Bacterium signals plant to open up and let friends in

Jun 13, 2012

Researchers have identified the set of tools an infectious microbe uses to persuade a plant to open the windows and let the bug and all of its friends inside.

The microbe is Pseudomonas syringae, a successful that produces characteristic brown spots in more than 50 different species of plant. The signal it uses is a molecule called coronatine, which to the plant looks just like its own jasmonic acid, a signal that is part of the plant's immune system. The pathogen "hijacks" a system that balances the plant's two different defense strategies, said Xinnian Dong, a Duke professor of biology.

Plant pathogens have two basic strategies, Dong said. One approach kills cells and what's left of them for food. The other is more like parasitism, setting up in and around living cells and using what they provide. So the plant has two kinds of defenses. Against necrotrophs, the cell-killers, the plant produces jasmonic acid and does what it can to keep cells alive. Faced with biotrophs, the parasitic type, it tries to kill the infected cells. These responses work in opposition to one another and through cross-talk to keep the plant carefully calibrated, depending on the pathogens it encounters.

"Breaking the cross-talk between the systems would be a problem because the plant may respond the wrong way," said Dong, who is also a research fellow of the Howard Hughes Medical Institute (HHMI) and Gordon and Betty Moore Foundation (GBMF). "Pseudomonas is successful by hijacking a critical process in this cross-talk."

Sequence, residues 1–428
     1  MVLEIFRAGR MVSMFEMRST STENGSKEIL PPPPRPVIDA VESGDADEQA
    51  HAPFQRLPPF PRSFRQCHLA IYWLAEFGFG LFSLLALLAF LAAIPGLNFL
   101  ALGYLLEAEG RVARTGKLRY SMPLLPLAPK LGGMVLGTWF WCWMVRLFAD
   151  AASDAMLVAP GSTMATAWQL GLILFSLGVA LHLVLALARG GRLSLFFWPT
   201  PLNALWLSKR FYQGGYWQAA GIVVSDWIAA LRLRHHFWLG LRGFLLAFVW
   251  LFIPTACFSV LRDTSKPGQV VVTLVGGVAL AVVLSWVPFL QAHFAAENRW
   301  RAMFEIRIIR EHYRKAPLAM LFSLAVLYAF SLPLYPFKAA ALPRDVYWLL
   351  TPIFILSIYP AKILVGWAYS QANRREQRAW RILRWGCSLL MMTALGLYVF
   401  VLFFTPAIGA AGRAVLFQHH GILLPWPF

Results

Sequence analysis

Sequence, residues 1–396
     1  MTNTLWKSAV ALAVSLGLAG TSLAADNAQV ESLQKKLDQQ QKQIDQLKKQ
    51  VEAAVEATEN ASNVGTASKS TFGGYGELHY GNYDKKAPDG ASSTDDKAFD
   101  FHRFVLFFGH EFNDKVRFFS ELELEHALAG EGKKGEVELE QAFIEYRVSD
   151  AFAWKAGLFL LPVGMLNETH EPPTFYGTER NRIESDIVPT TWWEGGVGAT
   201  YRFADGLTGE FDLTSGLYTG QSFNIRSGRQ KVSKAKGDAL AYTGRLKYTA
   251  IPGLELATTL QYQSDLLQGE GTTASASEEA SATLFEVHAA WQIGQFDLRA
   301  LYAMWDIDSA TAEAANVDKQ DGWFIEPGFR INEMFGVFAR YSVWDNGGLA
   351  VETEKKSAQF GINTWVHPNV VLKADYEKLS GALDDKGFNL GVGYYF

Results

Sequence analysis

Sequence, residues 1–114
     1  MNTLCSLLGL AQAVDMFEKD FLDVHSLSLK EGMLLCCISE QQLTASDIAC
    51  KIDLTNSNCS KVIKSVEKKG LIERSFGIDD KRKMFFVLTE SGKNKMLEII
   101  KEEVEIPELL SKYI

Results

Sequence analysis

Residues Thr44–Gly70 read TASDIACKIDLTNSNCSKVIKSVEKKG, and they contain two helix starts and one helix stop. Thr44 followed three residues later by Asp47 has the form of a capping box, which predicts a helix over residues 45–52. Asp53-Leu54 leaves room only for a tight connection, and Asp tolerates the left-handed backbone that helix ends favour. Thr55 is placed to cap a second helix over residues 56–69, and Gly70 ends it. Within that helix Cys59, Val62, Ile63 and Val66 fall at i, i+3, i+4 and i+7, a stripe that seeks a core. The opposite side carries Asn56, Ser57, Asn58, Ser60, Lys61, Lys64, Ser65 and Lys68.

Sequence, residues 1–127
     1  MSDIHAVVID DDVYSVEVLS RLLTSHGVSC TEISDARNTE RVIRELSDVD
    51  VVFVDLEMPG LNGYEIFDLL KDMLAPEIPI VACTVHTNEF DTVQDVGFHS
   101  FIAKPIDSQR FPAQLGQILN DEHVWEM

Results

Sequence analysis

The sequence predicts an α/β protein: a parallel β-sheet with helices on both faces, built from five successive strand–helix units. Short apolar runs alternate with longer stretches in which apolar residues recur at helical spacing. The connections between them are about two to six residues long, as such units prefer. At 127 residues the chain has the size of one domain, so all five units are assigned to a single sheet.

"It's all connected," said Xiao-yu Zheng, who worked on the project for four years. "That's the beauty of it." Zheng is the first author on an article appearing in the June 14 edition of Cell Host & Microbe. The research was supported by the National Science Foundation, the National Institutes of Health and the Department of Energy.

Pseudomonas is a biotroph, the parasitic kind of attacker. But the coronatine it produces touches off a cascade of molecular activity that mimics a necrotrophic pathogen invasion. The plant responds to coronatine with three transcription factors that work together to lower the plant's supply of salicylic acid and keep the infected cell alive. Normally, salicylic acid is involved in closing the stomata and an essential signal for the cell-killing defense that would be most effective against a biotroph. So by jamming that signal, pseudomonas keeps the stomata open for more bacteria to invade, and it has free reign to reproduce in the spaces between cells.

In this arms race, the plant can't just abandon its stomata. The openings are essential for exchanging gases and water vapor and the plant adjusts them constantly in response to CO2 concentrations, humidity, sunlight and other environmental factors.